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Spotting the signs of stress

A health professional affected by stress explains how GPs can recognise and address the signs and symptoms at an early enough stage to avoid burnout.

Stressed or burnt out people will overestimate the problems they face, underestimate their ability to cope with them, and create even greater worries in their heads (Photograph: Istock)
Stressed or burnt out people will overestimate the problems they face, underestimate their ability to cope with them, and create even greater worries in their heads (Photograph: Istock)

'Physician heal thyself.' Although not its original meaning, this proverb alludes to the tendency of doctors to focus on healing others, while neglecting their own health.

There are many reasons why doctors are so reluctant to seek help, but fear and shame of admitting to a need for help can sometimes seem overwhelming. The isolation that this can lead to can be the catalyst for increased stress levels and eventual burnout.

Burnout does not happen overnight. It builds up over weeks, months and sometimes even years, but it can be halted by making some minor changes to one's thinking and behaviour.

Everyone is different

Everybody responds differently to the world around them. What one person finds stimulating and encouraging, another might find unbearably stressful.

This comparison between colleagues can often be the trigger for the onset of stress, with one assuming that others are coping well, while you are struggling to keep your head above water. These feeling of inadequacy, failure and shame often serve as the very reason why one might avoid addressing the issues before it takes hold, for fear that we will be rejected, ridiculed or viewed as weak.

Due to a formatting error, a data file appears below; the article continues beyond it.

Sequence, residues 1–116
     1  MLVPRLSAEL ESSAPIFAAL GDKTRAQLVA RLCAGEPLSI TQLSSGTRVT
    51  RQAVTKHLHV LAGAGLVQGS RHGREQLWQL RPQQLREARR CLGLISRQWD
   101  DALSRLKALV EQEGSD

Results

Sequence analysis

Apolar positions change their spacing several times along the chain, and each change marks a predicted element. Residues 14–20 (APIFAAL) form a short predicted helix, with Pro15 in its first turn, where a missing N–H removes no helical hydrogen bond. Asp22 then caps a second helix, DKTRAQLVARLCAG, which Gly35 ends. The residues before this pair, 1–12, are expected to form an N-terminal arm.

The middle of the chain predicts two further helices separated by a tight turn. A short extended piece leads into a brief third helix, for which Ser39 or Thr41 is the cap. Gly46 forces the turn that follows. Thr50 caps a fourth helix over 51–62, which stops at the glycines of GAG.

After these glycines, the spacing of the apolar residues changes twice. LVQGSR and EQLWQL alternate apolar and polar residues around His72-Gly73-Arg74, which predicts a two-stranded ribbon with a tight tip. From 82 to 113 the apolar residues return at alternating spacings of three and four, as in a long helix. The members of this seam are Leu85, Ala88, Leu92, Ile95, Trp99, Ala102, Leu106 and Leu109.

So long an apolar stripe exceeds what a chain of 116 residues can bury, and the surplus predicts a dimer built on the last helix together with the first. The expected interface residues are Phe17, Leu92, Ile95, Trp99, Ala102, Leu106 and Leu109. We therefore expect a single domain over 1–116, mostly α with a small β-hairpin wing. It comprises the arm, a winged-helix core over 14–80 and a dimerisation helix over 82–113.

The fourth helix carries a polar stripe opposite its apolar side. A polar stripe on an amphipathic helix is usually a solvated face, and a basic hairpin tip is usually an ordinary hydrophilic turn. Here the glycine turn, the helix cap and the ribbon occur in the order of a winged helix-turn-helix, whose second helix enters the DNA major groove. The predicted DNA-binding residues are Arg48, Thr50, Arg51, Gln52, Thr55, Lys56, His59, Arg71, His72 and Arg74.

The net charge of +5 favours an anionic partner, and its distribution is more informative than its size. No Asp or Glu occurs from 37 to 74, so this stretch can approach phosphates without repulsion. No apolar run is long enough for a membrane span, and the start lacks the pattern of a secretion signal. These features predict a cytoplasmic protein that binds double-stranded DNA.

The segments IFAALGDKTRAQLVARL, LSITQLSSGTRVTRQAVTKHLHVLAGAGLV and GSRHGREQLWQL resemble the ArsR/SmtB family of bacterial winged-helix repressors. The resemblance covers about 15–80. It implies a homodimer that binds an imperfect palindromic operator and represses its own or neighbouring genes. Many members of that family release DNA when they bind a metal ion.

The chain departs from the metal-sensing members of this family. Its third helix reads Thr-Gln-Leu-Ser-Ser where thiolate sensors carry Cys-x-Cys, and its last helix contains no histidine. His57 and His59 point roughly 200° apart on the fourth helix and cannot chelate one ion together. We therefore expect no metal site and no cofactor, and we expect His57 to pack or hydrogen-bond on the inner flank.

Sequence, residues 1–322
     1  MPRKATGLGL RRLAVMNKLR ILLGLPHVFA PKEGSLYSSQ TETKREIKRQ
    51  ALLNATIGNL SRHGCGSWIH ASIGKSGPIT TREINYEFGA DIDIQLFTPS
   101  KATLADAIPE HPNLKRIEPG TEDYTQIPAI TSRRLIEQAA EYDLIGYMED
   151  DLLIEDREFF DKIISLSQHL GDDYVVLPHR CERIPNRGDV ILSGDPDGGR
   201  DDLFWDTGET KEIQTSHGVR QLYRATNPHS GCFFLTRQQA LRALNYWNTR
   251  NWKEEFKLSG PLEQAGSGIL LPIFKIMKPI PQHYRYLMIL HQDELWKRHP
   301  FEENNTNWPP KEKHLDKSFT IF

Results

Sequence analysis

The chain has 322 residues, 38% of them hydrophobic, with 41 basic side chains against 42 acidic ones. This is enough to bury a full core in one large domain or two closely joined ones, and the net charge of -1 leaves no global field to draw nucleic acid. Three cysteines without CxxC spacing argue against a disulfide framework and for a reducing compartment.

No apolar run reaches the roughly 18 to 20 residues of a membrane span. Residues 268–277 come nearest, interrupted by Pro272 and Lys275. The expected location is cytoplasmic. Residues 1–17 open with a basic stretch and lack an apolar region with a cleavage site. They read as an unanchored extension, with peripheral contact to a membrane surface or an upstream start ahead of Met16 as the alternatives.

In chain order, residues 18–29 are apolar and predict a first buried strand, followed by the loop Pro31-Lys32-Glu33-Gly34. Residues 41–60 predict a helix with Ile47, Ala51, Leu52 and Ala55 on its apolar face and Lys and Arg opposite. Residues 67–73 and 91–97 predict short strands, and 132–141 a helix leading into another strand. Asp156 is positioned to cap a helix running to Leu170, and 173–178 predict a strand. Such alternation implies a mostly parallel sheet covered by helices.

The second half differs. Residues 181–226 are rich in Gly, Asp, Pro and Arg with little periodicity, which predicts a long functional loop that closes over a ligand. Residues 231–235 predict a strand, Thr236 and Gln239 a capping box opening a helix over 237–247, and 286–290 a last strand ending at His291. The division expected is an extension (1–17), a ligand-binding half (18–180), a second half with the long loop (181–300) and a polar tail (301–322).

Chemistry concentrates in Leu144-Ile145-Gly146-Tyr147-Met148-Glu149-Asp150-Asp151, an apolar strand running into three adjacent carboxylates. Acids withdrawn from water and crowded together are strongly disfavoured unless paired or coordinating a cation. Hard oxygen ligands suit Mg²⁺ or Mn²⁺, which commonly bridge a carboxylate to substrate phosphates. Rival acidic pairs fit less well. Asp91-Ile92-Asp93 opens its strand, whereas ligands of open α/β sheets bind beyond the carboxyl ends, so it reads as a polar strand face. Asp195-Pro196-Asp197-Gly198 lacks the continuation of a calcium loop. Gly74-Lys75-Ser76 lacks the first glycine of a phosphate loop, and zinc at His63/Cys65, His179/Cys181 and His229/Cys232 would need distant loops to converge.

To make matters worse, the ways one might think and behave when stressed often make the problem appear even greater. Typically, stressed or burnt out people will overestimate the problems they face, underestimate their ability to cope with them, and create even greater worries in their heads. They will perceive themselves to be failing, and often think that they are beyond help.

These thoughts may lead one to withdraw both mentally and physically from the things they once enjoyed, and increased engagement in self-damaging behaviours in an attempt to terminate their feelings.

A recent BMJ study based on interviews with 500 GPs found that 46% of GPs showed some of the above signs and symptoms, so if these things sound familiar, you are not alone.

How to spot the early signs

The first sign of increased stress and burnout is an effect on sleep (either too much or too little). This can be accompanied by frequent headaches, tiredness, changes in appetite, bowel problems and changes in sexual appetite or function. Individuals or their partners might notice that they have become easily irritable or aggressive.

More subtly, sufferers may notice difficulty concentrating and more of a tendency to procrastinate over decisions, or avoid big decisions at all costs.

HOW TO AVOID BURNOUT
  • Address the early signs and symptoms as quickly as possible.
  • Writing down worries before bed, or keeping a list of important tasks, may help you look at things more objectively.